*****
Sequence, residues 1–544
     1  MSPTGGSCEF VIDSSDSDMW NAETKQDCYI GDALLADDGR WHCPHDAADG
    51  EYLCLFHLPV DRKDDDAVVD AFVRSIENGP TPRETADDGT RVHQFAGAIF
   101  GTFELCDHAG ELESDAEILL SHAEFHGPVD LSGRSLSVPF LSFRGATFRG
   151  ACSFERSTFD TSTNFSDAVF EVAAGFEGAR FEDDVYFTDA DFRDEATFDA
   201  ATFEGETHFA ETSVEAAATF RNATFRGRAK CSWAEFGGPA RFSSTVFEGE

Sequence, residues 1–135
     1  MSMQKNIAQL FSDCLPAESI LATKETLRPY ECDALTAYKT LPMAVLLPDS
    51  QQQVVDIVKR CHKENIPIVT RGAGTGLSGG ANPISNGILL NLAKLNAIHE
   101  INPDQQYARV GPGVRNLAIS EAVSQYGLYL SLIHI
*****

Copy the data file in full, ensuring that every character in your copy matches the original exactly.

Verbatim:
Sequence, residues 1–544
     1  MSPTGGSCEF VIDSSDSDMW NAETKQDCYI GDALLADDGR WHCPHDAADG
    51  EYLCLFHLPV DRKDDDAVVD AFVRSIENGP TPRETADDGT RVHQFAGAIF
   101  GTFELCDHAG ELESDAEILL SHAEFHGPVD LSGRSLSVPF LSFRGATFRG
   151  ACSFERSTFD TSTNFSDAVF EVAAGFEGAR FEDDVYFTDA DFRDEATFDA
   201  ATFEGETHFA ETSVEAAATF RNATFRGRAK CSWAEFGGPA RFSSTVFEGE

Sequence, residues 1–135
     1  MSMQKNIAQL FSDCLPAESI LATKETLRPY ECDALTAYKT LPMAVLLPDS
    51  QQQVVDIVKR CHKENIPIVT RGAGTGLSGG ANPISNGILL NLAKLNAIHE
   101  INPDQQYARV GPGVRNLAIS EAVSQYGLYL SLIHI